PRINT October 2016


Julie Becker

Julie Becker, Interior Corner #3, 1993, C-print, 35 × 27". From the series “Interior Corners,” 1993. © Julie Becker.

“SHE WAS THE ONE TO WATCH,” Bruce Hainley recalls thinking when he surveyed the local art scene in the summer of 1997. He’d just moved to Los Angeles and seen an installation of Julie Becker’s photographs at Regen Projects. Becker had recently been profiled, along with Liz Larner, Catherine Opie, et al., in Ralph Rugoff’s Harper’s Bazaar feature “L.A.’s Female Art Explosion.” The year before, her monumental CalArts MFA thesis project, Researchers, Residents, A Place to Rest, 1993–96, had been selected by Paul Schimmel, then a curator at the Museum of Contemporary Art, Los Angeles, for the 1996 São Paulo Bienal.

Created or, perhaps better, compiled over several years while Becker was living in a run-down SRO in then-seedy Echo Park, Researchers, Residents . . . spanned several discrete areas. It included a scale model of a rooming house, discarded refrigerator boxes (“the last refuge of the homeless,” Becker remarked in a 1997 interview, but also “temporary places for children to play in”), a messy research HQ, voluminous written files on the imaginary inhabitants, and the diaries of two children familiar to those who grew up in the 1970s and ’80s: Eloise, heroine of Kay Thompson’s children’s books, who lived on the “tippy-top floor” of New York’s Plaza Hotel; and the unfortunate Danny Torrance of The Shining. “Dear Tony,” Danny’s diary begins, “today dad went to look for work in some hotel in the hills. What will happen if he gets the job? He never asks me what i think about where i will move to.” Commenting on this startling installation in his Bienal catalogue essay, Schimmel wrote, “The rooms Becker creates for her fictional friends are specific renderings of altered states of mind, tinged with the artist’s own psychological uneasiness.”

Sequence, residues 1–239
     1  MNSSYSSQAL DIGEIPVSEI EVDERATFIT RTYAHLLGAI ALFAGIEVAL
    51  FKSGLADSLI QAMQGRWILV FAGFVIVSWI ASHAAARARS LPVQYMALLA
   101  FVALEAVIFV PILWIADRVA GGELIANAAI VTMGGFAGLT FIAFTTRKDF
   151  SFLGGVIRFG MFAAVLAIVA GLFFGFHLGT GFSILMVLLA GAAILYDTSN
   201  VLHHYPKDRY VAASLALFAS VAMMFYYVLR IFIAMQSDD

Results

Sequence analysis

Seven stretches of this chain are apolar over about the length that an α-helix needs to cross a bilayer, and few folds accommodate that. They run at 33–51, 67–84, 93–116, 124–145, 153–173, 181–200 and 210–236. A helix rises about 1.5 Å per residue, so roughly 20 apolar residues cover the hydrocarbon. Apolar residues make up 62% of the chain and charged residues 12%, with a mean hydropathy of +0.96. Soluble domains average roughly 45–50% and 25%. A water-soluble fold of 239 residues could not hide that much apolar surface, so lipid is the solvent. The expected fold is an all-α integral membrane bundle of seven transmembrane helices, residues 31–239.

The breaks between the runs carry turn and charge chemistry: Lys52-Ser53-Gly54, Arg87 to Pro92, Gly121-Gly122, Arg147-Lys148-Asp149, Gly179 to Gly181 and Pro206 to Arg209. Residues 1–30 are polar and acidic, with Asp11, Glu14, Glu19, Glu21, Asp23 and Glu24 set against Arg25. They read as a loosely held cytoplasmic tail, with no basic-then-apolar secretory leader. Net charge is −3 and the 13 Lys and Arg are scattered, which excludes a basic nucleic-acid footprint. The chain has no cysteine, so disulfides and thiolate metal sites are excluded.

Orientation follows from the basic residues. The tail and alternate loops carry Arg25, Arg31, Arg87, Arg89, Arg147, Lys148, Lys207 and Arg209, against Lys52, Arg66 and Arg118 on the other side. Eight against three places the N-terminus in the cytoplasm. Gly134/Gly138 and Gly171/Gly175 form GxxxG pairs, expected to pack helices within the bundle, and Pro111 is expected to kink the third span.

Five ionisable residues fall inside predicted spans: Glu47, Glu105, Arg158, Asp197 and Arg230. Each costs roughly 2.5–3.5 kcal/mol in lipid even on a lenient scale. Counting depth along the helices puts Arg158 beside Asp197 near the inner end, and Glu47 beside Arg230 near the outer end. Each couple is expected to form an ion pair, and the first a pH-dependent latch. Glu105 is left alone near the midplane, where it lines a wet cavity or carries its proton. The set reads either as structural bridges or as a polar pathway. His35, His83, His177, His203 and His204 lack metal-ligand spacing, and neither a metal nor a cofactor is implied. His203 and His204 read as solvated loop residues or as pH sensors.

Anecdotally if not verifiably, Becker was the youngest student ever to attend CalArts, enrolling in 1989, at age sixteen, in lieu of finishing her senior year at Santa Monica High School. Her former classmate Eve Wood recalls Becker scattering gerbera daisies as she strode through the main gallery in a long hippie dress. Dean Thomas Lawson was immediately impressed by this young student: “She was so brilliant, but so young, and always somewhat fragile.” He was struck by the “richness of her imaginative life compared to the poverty of her daily life.” Her sense of precariousness was no art-school affectation. The daughter of artists, she was born and raised in Los Angeles and grew up in a state of perpetual flux, moving from one apartment complex to the next as her parents struggled to make ends meet with an assortment of odd jobs. It’s not surprising that the material phenomenon of habitat and the immaterial phenomenon of childhood fantasy informed her work from the start. She was still in her teens when she began taking the photographs that compose her series “Interior Corners,” 1993. Closely cropped and as starkly flash-lit as crime-scene documentation, these images simultaneously evoke parentally imposed time-outs and low-rent LA anomie.

Over the course of her career, Becker elaborated her fascinations in a dense, increasingly complex, and infinitely rewarding body of work. Whole, an enormous unfinished project she’d intended to debut at New York’s Greene Naftali gallery in 2002, would become her magnum opus of sorts. She began building Whole in the basement of a ramshackle bank-owned bungalow she’d moved into rent-free in exchange for removing the belongings of its last inhabitant, who’d died of AIDS. The project was built to fail. Whole would come to include a scale model of the soon-to-be-dissolved California Federal Bank building on Sunset Boulevard, a tiki bar, a videotape in which a scale model of the bank building is hoisted down into an elevator shaft, a glitter-drenched drawing of the pyramid on the dollar bill, and a sculpture that resembles an excised chunk of sidewalk. As she explained to me that year, Whole would be “an endless exposing of parts . . . not ever reaching a whole.”

Becker was true to her word. She continued to exhibit fragments of the work in museums and galleries until her death, this past April, at the age of forty-three. In these exhibitions and works-within-works, she brilliantly plumbed pop mythologies, from conspiracy theory to stoner lore. Drawing from the latter, her installation Suburban Legend, 1999, featured a video syncing up Pink Floyd’s Dark Side of the Moon as a sound track to The Wizard of Oz. Throughout her career, Becker charted the dark side of the moon, demonstrating, as Mark von Schlegell wrote in 2001, that “reality, if shared only by consensual hallucination, is ripe with mystery, evil, good, love, aliens—and sparkles.”

In later years, Becker focused on producing witchy effervescent drawings and assemblages. The first panel of her triptych watering, 2015, features a plastic bag of miniature dollar bills and a pencil scrawl: I MUST CREATE/A MASTER PIECE/TO PAY THE RENT. A small fuzzy heart at the bottom of the drawing is connected by an earbud to a hovering ear.

Prescient, inspired, hinting at torment and yet graced by light, Becker’s output remains the work to watch. She was a genius and will be sorely missed.

Chris Kraus is a writer and critic based in Los Angeles.